My sister and I walked into Chumley’s at about 6:15 p.m. on Saturday and asked the hostess where we might find the Cecil Adams party. She pointed to a table in the corner where a diverse group of people were drinking beer and preparing to order dinner.
I was nervous. I’d never been to any sort of real-life gathering of an online community before. Whenever you hear a news story about online friends meeting in real life, you also hear about assault, abduction, or worse. Fortunately, this particular gathering ended up being perfectly safe. I walked over and introduced myself.
“Hi. I’m THespos,” I said to the group.
I shook hands with Tripler, Falcon, Swimming Riddles, Biggirl, Houseman, and Wonko the Sane, six long-standing members of our little online community. Rather than learn new names, we introduced ourselves by our user names and used them throughout the night.
Thus began a really fun night of partying and good times in New York with a bunch of people I’d never before met in real life. What brought this about?
It all started in 1973 when a man named Cecil Adams wrote the first of a series of newspaper columns for the Chicago Reader. This column, The Straight Dope, is written in an entertaining question-and-answer format, and readers from all over the world submit questions to Cecil, who bills himself as “the world’s smartest human being.” For those who have never read The Straight Dope, think Ask Marilyn meets Bill Nye the Science Guy, with a little extra kick of insanity thrown in.
Cecil’s column is wildly successful. It is read in 33 newspapers in the U.S. Syndication led to a series of compilations, which led to The Straight Dope AOL site and web site, which led to The Straight Dope Message Boards, which was the reason for the NYC gathering.
The Straight Dope Message Boards constitute a true online community. Fans of Cecil’s column sign up and are given privileges to post to the board’s many forums — those for responding to the columns, for posting questions for Cecil to consider, for all-out flame wars between members, and for member debates. My favorite forum is MPSIMS (Mundane Pointless Stuff I Must Share), which on any given day can contain discussions ranging from what a member had for breakfast to “Simpsons” trivia to which BattleBot will prevail in Comedy Central’s tournament.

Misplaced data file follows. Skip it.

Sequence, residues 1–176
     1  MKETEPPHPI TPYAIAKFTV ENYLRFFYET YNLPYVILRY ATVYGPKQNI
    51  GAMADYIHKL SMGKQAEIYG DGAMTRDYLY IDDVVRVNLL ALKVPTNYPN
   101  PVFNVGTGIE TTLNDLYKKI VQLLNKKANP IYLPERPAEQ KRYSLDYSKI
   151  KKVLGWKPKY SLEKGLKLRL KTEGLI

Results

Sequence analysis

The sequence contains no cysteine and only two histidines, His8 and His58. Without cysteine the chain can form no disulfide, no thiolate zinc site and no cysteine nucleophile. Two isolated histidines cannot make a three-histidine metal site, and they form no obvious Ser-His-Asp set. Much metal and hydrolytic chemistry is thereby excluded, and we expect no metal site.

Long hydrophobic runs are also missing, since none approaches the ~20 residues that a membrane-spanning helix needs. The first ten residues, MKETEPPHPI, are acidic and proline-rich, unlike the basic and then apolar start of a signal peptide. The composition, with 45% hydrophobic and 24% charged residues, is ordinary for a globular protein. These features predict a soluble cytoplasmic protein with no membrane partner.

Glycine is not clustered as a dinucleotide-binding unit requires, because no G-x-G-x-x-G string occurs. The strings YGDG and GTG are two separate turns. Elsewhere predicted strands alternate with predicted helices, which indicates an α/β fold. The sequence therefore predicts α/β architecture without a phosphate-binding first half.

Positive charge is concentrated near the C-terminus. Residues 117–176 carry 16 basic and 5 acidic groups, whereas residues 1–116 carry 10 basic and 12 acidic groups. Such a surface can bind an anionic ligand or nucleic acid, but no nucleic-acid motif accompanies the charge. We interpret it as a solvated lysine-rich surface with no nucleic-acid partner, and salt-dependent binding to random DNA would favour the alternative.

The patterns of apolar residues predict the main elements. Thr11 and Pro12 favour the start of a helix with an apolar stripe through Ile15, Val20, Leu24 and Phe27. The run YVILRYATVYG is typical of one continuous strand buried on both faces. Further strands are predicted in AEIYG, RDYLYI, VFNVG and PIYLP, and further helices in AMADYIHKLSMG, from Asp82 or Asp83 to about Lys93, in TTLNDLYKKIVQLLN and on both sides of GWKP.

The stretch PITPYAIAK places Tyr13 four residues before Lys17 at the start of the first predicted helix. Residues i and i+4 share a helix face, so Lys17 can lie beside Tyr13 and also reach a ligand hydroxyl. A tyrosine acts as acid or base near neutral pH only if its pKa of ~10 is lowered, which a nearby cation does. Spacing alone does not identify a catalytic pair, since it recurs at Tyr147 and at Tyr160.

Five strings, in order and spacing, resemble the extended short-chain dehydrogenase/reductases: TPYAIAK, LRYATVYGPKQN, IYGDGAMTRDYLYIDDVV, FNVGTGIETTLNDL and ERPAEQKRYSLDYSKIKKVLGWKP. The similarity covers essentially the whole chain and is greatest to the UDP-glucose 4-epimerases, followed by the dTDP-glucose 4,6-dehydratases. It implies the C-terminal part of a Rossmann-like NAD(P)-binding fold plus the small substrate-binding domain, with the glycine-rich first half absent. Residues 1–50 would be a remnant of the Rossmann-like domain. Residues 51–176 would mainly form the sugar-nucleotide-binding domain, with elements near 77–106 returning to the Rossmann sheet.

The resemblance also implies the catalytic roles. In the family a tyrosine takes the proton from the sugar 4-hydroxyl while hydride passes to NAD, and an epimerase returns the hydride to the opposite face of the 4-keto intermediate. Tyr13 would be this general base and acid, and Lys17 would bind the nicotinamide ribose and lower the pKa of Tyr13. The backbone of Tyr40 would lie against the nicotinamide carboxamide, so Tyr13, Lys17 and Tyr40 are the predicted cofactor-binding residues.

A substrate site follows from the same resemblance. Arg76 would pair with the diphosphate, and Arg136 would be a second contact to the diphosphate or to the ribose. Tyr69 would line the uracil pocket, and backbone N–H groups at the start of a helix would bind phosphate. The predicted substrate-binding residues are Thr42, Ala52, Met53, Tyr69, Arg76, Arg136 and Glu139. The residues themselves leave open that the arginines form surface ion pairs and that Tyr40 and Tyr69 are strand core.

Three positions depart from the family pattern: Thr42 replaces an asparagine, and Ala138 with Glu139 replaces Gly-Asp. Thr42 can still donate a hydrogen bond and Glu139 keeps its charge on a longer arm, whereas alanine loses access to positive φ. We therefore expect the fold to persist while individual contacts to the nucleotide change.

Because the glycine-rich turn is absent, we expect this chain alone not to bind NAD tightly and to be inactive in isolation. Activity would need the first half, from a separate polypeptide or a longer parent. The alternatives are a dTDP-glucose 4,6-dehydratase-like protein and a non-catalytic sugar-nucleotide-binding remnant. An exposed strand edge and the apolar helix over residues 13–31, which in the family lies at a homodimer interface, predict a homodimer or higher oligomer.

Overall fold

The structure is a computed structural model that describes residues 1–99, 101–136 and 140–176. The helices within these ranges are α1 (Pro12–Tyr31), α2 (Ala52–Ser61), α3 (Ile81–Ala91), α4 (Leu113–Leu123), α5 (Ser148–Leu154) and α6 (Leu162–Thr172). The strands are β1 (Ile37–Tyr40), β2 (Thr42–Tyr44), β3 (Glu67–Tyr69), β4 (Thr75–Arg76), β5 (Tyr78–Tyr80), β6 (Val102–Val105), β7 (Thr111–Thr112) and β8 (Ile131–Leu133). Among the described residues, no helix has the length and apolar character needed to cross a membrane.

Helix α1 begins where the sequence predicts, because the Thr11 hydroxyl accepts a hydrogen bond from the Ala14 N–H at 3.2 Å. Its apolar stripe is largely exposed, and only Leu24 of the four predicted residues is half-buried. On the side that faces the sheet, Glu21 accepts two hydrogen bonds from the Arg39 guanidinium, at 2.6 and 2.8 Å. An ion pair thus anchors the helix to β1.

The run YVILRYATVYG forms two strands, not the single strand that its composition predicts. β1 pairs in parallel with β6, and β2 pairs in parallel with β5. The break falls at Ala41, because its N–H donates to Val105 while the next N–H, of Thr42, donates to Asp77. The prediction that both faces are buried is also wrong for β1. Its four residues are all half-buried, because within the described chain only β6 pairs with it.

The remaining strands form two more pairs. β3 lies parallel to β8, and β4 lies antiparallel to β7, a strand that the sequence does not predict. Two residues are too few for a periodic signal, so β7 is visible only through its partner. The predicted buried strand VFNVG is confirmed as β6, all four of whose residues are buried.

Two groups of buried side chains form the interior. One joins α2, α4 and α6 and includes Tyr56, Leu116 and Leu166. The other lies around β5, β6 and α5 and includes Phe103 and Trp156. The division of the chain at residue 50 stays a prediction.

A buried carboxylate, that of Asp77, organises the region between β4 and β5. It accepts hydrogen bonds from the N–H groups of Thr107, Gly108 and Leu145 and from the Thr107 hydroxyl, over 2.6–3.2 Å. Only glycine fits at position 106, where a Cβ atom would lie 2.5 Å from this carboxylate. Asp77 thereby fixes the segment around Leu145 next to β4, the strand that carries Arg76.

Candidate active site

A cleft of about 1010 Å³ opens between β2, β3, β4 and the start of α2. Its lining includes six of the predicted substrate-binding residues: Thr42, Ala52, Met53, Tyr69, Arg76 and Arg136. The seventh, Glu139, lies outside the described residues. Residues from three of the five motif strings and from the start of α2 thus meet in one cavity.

Dedicated Dopers (that’s what Straight Dope fans call themselves — it’s not a drug reference) attend DopeFests in various cities around the world. The gatherings are organized not by the Straight Dope staff, but by board members. Typically, you’ll see a post in MPSIMS asking if the Dopers from a certain metropolitan area would want to get together at a bar or restaurant. The DopeFest I attended was the sixth in the NYC area, and it made me think about a few things related to online communities.
First of all, the level of trust that had been developed among Dopers was simply amazing. Very few of the attendees (44 showed up by the end of the night) had ever met in person, yet all were very trusting of one another. One Doper, Billdo, let a couple dozen Dopers hang out in his apartment. Some of those people were from out of town and ended up crashing on the floor of his apartment at the end of the night. It simply amazed me that this level of trust can be built up online, without ever meeting someone face to face.
Second, my theories about interest being the web’s common unifier were more than confirmed. Glancing around the room at the 44 Dopers in attendance, I saw a wide range in age, sex, ethnic background, and occupation. Some 19-year-old college students were partying with 45-year-old computer geeks and 35-year-old housewives. What united the group was a love for Cecil’s columns and an Internet connection.
The dedication of the Dopers to the group was also staggering. Although many of the attendees were from the New York area, several had come from the Washington, D.C./Baltimore area. Another had come from New Hampshire. Yet another was on military leave in the area and had dropped by for fun.
When I contrast this online community to other so-called community sites, I’m reminded that common interests are what unites people on the web, not just a 10 MB directory in which to place a personal home page. When a site caters to an interest, the loyalty and dedication to the community created by that site can be powerful indeed. I’m also inclined to think that the narrower the interest, the higher the level of dedication.
Cecil Adams has aligned a dedicated following behind his writing. Is he the world’s smartest human being? Well, I do have to admit that he certainly taught me a lesson about online community this weekend.